dinner at the front porch, a set on Flickr.
Dining with the Supper Club, in the Mission at the Front Porch. . . purveyor of good country cooking, by the hand of an expert chef. I always enjoy eating here, I love the eclectic decor, I love reading the menu. They take care to get it right, down to making their own hot sauces and ketchup in-house. They’ll start you off with some corn bread. Then, get the fried chicken, slightly spicy with a hit of lime. Get the pork chops. Get the baby gem salad with market peaches, pecans and a bacon vinaigrette. . .it is grilled and the slight char on the lettuce gives it this great flavor, rounded out by the savory of the cheese and the salti-sweetness of the bacon.
The burger, however, was nothing special. The bun was gorgeous, most likely house-made, but the bread was too dry. The meat was cooked slightly longer than I’d have thought for a medium rare and the juiciness was gone. The fries, happily, were great: cut thick, they are crispy on the outside and fluffy on the inside. Served with house made ketchup, a real win, there. The drink menu is a fun read, heavy on sweet drinks and bourbon / whiskey comes up a lot. And, where else in San Francisco can you find moonshine?
The Front Porch
65A 29th St
Between Mission and San Jose Ave
San Francisco, CA 94110
Open nightly 5:30pm-10:30pm
Brunch Saturday & Sundays 10am-2pm
Part of starting a new job is adapting to a new stomping ground as well. “Living into” your new job involves getting to know new coworkers and routines but also, exploring a new neighborhood. Finding a good cup of coffee and a quiet lunchtime escape is essential. Mirtille has become (one) of those spots for me. And they have Parisienne Macaroons too- that’s a bonus.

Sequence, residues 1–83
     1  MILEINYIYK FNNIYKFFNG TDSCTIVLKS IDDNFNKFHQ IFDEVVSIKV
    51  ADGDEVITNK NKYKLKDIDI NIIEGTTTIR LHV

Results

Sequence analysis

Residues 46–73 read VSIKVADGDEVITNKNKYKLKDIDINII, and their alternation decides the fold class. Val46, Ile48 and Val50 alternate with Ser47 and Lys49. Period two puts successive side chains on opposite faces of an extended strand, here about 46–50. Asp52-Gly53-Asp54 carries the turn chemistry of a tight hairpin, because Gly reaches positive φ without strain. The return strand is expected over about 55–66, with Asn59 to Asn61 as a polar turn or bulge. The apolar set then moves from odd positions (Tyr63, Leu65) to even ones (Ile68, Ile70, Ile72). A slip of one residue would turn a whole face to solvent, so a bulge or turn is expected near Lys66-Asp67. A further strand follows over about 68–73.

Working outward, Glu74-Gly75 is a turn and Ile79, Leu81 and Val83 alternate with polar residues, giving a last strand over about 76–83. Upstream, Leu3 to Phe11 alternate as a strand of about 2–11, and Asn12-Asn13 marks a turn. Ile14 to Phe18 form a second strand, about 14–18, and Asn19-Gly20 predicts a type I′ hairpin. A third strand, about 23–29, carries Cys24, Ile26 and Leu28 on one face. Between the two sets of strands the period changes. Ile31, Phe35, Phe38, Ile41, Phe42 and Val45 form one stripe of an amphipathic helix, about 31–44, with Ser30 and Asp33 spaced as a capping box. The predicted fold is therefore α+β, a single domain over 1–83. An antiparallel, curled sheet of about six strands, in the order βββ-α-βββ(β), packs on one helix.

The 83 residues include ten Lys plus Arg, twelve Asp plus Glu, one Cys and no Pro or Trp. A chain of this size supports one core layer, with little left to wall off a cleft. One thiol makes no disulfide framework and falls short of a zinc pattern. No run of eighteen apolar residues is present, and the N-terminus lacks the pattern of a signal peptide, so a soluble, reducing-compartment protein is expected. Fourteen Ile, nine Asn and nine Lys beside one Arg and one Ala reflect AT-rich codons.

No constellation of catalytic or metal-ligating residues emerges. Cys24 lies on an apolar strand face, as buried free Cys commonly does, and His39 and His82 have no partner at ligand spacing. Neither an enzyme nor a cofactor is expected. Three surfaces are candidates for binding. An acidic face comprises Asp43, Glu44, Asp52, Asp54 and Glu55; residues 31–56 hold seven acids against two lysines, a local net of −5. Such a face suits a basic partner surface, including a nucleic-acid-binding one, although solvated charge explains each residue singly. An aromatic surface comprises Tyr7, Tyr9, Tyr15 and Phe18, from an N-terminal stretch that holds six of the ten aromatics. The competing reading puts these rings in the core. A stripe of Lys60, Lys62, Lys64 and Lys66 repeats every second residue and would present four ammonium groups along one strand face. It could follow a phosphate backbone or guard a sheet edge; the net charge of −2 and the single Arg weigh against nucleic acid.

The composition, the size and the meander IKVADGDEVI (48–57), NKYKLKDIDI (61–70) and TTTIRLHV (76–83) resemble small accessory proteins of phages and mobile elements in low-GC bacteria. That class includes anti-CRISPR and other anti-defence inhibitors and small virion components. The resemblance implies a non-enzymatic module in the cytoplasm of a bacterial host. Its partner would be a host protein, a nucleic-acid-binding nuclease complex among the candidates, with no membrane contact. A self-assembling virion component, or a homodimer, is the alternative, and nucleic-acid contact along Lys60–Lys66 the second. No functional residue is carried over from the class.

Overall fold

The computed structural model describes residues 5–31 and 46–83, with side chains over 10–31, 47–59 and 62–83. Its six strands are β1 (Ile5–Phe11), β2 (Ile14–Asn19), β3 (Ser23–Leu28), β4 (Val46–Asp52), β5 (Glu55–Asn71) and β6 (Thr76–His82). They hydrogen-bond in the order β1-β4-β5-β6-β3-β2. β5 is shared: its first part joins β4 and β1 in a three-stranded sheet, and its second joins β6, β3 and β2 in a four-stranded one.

Given that Mirtille is conveniently located in the heart of the Civic Center and quite near a major BART and MUNI station, it continues to appeal to locals-in-the-know and somehow remains invisible to tourists. The outside of the cafe is painted jet black and there’s very little signage to call it out. Inside, you’ll find sexy plum colors, a little chrome, and comfortable chairs. And you ‘ll find your cup of coffee.
The staff are reliably friendly, and every once in a while you’ll hear a bit of spoken french, as well. The cafe feels more European than American. The food takes you to France, too. Beyond your espresso, you’ll find quiche and pretty baguette sandwiches. Pastries. Making your own salad at the counter is fun- for one set price, choose your greens and up to six ‘add-ins’. All the ingredients are fresh. A personal favorite is the soup of the day. And, the french press, bien sur.
87 McAllister St
(between 7th St & Leavenworth St)
San Francisco, CA 94102
Neighborhood: Civic Center/Tenderloin
Mon-Thu 7 am – 7 pm
Fri 7 am – 6 pm
Sat 7:30 am – 4 pm
Sun 7:30 am – 11 am
Tonight, dinner was about not just food but celebrating my friend Ll’s great accomplishment, acing a critical exam needed for his profession. (He’s so good. ) We chose Suriya Thai Restaurant, a place we’ve known for years, back in the days when it anchored the south end of the Valencia foodie corridor. (In fact, before Valencia was the foodie street that it is today.) Still, the new location on Howard has all the familiar trappings of the old. Gorgeous antique carvings are placed throughout the dining room including a striking display of centuries-old carved coconut shellers.
And the food is special. One can find a lot of thai in the City but somehow Suriya manages to set itself apart. Many of the dishes are drawn from family recipes so you’ll find some things here that you’ve not seen on menus before. The helpings are generous, the price reasonable. The casual-dining-feel in turn reflects the casual nature of the food. The descriptions on the menus are well worth reading, too…
Our server was Ahn, always flawlessly kind. A special treat was meeting Suriya’s owner, who came by to check on us, and I met one of the lovely women behind the scenes responsible for the exciting flavors on the menu.
A meal in pictures:
(between 11th St & Lafayette St)
San Francisco, CA 94103
dining at Ragazza, a set on Flickr.